The dissertation presents dynamic modeling and analysis of single rigid bodies, gyroscopic multi-body systems, and flexible robotics through the use of the moving frame method. Before analyzing the projects at hand, a brief introduction to the moving frame method will be presented. To properly model the gyroscopic systems and flexible robots, it is first necessary to establish the kinematical description of freely rotating bodies. To demonstrate the validity and efficacy of the method, it is applied to solve the mystery of the Dzhanibekov and tennis racket phenomena. It is known that a rotation about the intermediate principal moment of inertia axis becomes unstable, leading many to incorrectly conclude a violation of the conservation of angular momentum. Using the moving frame method, the torque-free Euler equations are clearly obtained and a complete explanation, including a geometric, analytic, and numerical solution is presented along with 3D animations to demonstrate that the conservation of angular momentum is truly preserved.
As an application of the moving frame method to rigid-multibody systems, analysis of two offshore gyroscopic structures will be performed. First, a gyroscopic ocean wave energy converter (GOWEC) is analyzed. The GOWEC is a fully enclosed ocean wave energy device that converts the rocking or pitching motion induced by the ocean waves into electricity. In this dissertation, the mathematical model of the energy converter is derived and the ideal conditions for maximum power output are identified. Second, as a natural extension of the GOWEC, the application of gyroscopes as a means of stabilization is examined. The active gyroscopic ship stabilizer uses the gyroscopic principles to cancel the rolling motion induced by the ocean waves. Of specific interest is the application of active gyroscopic roll stabilizers in ships to further aid in the safe transport of passengers and transfer of equipment onto platforms and offshore wind farm structures. The main parameters of the gyroscopic stabilizer are characterized and their effect on the ship is analyzed.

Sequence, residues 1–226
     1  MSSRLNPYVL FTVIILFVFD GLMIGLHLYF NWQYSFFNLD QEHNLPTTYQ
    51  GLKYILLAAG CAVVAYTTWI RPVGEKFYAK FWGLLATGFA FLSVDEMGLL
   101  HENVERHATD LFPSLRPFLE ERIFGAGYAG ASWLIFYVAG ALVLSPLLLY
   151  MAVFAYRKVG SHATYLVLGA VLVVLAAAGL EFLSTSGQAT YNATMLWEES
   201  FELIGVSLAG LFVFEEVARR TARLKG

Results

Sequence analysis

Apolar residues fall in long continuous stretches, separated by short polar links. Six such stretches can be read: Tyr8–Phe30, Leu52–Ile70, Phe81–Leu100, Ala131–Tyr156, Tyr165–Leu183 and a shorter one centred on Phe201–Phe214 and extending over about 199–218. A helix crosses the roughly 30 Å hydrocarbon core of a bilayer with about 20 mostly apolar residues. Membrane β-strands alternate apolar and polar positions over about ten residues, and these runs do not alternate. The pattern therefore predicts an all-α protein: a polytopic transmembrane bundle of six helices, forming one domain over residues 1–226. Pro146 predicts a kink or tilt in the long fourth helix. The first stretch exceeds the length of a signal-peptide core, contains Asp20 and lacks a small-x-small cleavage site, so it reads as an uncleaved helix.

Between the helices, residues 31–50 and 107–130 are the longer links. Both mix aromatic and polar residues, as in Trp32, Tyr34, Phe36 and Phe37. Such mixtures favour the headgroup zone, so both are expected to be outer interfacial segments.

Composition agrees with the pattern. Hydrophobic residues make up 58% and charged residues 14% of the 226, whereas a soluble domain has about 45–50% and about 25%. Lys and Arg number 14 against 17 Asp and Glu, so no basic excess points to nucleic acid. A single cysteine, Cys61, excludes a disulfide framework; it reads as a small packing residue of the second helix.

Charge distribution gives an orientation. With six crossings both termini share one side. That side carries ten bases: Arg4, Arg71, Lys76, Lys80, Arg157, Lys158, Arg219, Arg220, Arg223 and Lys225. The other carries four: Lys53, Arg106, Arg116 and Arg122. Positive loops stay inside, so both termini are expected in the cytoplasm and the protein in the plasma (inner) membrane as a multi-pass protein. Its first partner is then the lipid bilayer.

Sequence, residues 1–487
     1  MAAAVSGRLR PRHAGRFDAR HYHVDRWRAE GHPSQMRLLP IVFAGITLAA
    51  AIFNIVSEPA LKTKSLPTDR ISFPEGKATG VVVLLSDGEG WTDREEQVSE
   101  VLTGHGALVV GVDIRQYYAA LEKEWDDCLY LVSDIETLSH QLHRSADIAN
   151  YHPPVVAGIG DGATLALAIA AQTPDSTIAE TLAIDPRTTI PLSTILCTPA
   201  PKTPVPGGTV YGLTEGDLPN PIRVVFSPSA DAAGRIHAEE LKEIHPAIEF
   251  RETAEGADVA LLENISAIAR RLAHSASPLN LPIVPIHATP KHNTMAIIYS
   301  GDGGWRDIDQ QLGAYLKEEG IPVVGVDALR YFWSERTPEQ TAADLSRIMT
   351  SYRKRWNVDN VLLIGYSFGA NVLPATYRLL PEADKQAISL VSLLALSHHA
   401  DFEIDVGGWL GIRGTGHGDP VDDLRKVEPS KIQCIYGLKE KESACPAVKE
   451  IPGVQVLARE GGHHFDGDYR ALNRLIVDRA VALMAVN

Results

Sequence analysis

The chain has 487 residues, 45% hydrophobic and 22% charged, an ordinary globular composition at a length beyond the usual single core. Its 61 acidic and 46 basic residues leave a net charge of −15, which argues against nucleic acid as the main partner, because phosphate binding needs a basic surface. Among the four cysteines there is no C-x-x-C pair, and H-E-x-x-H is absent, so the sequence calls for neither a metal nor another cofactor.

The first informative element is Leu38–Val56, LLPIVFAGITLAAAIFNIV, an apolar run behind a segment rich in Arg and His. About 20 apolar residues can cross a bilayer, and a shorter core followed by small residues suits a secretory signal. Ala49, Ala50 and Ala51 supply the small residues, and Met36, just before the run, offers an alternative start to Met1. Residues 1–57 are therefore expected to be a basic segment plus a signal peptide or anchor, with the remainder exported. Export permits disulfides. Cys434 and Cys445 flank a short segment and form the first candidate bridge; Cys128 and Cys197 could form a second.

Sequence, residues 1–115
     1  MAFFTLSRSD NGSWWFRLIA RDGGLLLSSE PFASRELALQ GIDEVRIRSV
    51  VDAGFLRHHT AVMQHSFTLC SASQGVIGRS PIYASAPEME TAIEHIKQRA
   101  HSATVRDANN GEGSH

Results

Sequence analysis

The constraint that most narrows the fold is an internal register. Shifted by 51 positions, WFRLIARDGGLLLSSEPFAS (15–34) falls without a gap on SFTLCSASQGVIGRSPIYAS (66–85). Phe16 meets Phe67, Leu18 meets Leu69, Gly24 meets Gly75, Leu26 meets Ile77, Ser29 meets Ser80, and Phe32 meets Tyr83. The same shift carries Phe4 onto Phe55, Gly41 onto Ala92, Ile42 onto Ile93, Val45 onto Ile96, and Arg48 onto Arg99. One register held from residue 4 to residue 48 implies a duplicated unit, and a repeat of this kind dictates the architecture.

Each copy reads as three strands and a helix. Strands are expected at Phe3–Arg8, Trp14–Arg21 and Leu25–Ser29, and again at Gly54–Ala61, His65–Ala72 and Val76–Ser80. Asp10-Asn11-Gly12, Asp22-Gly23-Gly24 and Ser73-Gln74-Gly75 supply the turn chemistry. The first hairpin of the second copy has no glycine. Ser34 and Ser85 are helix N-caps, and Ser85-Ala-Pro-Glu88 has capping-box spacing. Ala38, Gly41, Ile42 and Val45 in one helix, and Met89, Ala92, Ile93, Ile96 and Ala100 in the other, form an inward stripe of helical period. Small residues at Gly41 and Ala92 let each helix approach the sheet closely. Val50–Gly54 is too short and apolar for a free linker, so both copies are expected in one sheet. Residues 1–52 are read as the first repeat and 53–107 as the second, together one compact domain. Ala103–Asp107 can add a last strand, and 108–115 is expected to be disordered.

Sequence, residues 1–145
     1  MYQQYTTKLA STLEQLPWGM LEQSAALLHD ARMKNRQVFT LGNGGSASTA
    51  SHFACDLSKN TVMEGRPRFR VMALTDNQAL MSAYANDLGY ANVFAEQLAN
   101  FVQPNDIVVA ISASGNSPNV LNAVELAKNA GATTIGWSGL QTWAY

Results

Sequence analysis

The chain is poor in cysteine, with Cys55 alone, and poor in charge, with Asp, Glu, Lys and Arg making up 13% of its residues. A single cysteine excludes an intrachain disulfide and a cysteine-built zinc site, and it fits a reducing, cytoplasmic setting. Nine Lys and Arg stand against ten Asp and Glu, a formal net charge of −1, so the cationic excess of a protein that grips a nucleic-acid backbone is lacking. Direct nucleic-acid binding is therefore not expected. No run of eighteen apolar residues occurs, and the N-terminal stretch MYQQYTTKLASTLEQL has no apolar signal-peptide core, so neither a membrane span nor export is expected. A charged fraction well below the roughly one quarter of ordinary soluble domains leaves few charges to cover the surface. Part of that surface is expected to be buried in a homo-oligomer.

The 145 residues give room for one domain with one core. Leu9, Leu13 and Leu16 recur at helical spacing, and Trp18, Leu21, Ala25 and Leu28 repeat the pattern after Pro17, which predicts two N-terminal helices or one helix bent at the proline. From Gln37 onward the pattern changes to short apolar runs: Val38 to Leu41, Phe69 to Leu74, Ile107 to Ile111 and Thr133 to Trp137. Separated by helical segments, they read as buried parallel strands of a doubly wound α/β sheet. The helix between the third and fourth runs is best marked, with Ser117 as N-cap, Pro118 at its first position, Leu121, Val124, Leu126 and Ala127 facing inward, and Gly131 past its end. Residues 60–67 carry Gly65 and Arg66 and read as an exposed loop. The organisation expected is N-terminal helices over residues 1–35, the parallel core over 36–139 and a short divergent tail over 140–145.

Lastly, modeling and analysis of flexible robots with internal actuation is presented. Two mechanical models for flexible or soft robots are derived: (i) a discrete multi-link model consisting of rigid links with elastic torsional springs at actuating joints. and (ii) a continuous beam model with distributed internal actuation. As an application of the continuous beam model, an inchworm with multiple actuation curvature fields is presented. With the flexible mechanical models, it is possible to know the internal actuation necessary for soft robots to reproduce desired shapes and resulting maneuvers. Furthermore, the nonlinear finite element equations along with active C^((1))-beam elements are developed and
used to create a finite element code